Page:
First of all, I always know why I'm panicking. I might not admit that I know if I don't want to explain it to you, but there is always a reason, and I'm always aware of it. Secondly, my panicking doesn't seem to be attached to any specific situations like social gatherings or whatnot. I can go to a concert packed with people and have a good time, I can talk in front of my class without collapsing (I don't like it though). I can do a lot of things. Panic attacks are so often connected with agoraphobia (fear of public places) and social anxiety, neither of which I suffer from, that I don't consider myself as having anything to do with them.

Let's jump some six years back in my personal history.
I'm fifteen years old, on the ninth grade of comprehensive school and my life is devoted to synchronized skating. I'm one of the captains in my team. By this point, I've probably already gone through various medical examinations regarding the hyperventilation that I'm regularly experiencing in practices. No one has been able to shed any light on what's wrong with me, and the recurring attacks including, in addition to hyperventilation, trembling, numbness, ears ringing, faintness and fear, are seriously affecting me, and confusing the team. I'm often told to 'cut it off' or 'stop acting' by my coaches. That's not helping either.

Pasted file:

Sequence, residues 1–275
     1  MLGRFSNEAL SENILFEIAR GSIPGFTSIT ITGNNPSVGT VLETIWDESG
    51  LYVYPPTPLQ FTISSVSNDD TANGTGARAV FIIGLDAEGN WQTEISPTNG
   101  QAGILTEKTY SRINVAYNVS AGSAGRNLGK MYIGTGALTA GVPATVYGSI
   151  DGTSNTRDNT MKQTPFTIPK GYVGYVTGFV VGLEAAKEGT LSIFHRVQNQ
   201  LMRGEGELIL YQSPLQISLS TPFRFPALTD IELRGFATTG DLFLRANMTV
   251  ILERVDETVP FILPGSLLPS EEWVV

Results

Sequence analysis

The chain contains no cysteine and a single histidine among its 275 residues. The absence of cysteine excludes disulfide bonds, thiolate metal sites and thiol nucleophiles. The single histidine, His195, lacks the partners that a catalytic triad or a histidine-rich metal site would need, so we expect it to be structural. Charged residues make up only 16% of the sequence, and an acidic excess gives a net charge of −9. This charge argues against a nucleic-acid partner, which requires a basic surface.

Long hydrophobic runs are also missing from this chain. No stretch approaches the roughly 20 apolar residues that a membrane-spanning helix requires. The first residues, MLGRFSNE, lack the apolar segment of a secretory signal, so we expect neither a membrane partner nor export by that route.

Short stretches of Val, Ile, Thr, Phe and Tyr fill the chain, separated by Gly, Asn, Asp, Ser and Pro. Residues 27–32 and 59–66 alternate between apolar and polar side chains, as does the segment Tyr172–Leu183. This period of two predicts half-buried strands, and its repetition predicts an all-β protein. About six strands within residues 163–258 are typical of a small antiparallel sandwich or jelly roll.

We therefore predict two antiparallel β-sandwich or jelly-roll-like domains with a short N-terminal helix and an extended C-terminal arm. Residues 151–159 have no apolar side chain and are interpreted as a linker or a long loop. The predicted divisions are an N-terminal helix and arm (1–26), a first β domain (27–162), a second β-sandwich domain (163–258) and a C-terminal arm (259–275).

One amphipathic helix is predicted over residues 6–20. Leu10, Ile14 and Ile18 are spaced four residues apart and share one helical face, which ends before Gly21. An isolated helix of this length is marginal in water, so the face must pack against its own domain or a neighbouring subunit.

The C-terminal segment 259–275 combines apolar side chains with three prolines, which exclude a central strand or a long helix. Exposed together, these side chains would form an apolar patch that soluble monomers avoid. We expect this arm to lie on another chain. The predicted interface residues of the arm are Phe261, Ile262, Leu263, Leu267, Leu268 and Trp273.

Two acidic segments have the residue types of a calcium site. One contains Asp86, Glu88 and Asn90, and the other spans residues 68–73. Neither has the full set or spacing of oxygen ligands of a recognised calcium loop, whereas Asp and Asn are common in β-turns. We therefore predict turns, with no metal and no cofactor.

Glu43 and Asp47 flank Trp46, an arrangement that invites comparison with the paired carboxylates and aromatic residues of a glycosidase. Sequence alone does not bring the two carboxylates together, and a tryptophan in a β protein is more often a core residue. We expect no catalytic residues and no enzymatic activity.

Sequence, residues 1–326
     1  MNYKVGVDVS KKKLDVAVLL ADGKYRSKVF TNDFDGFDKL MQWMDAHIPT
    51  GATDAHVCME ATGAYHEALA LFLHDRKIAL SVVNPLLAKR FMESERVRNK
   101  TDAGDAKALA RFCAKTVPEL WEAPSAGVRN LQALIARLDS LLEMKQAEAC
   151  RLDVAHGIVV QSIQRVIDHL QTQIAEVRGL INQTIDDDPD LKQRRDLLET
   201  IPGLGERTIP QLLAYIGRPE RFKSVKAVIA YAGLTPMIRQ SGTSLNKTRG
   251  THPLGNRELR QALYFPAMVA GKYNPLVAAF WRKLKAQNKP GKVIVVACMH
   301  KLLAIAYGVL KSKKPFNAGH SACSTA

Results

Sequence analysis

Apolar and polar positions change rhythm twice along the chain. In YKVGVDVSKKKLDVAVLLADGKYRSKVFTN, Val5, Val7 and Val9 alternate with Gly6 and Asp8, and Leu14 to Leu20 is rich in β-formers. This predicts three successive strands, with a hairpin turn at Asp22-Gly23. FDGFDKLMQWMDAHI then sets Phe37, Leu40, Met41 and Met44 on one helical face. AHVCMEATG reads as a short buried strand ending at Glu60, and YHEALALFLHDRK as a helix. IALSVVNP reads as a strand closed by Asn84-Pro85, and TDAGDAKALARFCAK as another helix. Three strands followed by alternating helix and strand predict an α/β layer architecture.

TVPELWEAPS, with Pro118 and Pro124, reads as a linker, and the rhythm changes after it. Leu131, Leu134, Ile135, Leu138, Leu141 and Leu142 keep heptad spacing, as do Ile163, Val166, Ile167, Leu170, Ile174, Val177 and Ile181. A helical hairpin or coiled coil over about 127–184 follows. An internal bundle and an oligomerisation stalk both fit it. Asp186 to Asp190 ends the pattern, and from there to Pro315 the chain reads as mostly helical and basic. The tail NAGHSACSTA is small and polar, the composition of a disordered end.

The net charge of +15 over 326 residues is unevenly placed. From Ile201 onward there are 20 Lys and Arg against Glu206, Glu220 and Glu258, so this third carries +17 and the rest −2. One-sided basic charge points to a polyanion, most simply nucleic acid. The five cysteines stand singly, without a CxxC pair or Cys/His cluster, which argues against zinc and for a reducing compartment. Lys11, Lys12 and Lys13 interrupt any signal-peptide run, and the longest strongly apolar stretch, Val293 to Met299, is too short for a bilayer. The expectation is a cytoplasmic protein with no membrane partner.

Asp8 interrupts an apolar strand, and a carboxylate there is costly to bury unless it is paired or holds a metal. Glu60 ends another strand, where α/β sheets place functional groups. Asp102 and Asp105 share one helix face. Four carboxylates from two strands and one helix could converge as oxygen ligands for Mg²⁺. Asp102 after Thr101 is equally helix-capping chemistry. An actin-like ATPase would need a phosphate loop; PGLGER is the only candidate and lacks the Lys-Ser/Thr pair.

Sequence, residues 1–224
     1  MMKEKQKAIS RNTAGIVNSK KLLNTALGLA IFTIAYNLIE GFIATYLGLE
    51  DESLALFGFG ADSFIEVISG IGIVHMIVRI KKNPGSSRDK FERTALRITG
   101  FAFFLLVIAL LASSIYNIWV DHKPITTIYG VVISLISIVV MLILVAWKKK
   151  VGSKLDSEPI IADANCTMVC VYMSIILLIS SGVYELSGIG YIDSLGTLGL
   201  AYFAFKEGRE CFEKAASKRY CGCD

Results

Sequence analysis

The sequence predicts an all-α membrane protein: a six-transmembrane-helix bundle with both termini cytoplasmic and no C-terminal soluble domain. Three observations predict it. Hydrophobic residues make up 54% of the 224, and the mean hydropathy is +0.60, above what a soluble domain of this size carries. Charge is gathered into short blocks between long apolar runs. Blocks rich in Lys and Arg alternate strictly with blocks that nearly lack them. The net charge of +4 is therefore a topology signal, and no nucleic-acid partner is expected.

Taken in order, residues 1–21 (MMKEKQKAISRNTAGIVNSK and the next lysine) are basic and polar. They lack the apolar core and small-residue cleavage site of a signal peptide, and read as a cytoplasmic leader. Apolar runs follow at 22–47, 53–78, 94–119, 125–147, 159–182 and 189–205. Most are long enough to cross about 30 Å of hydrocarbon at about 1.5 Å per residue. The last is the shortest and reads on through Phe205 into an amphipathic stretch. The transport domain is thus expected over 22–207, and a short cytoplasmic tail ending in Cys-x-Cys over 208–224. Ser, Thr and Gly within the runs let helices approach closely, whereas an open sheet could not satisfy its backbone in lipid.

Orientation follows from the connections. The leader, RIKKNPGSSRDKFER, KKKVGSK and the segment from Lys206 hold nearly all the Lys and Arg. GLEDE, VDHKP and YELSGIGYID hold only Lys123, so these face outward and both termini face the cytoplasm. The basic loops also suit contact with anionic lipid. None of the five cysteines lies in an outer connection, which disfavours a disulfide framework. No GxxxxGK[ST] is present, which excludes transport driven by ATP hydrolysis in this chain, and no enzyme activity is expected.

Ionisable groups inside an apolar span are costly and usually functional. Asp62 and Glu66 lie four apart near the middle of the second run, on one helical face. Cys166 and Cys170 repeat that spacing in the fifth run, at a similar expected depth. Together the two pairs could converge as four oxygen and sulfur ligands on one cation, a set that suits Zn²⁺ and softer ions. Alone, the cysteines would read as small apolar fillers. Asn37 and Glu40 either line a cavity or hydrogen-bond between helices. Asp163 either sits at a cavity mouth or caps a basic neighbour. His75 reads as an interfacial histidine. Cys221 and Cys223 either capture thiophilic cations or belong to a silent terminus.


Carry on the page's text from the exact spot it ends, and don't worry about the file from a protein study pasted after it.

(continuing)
The first doctor that I went to asked me if I was afraid of standing out and being scrutinized by my coach. I don't remember what I told her, but I do remember not liking her, hence deciding to keep to myself and not tell how I really felt. To be honest, I'm not even sure that I knew what I felt well enough to put it into words, and so I remained silent when I was ushered to asthma tests. Finally I was diagnosed with a vocal-chord dysfunction, which basically means that my breathing turns heavy and squeaky when under physical stress my vocal chords start closing around my larynx, letting less air through than I need.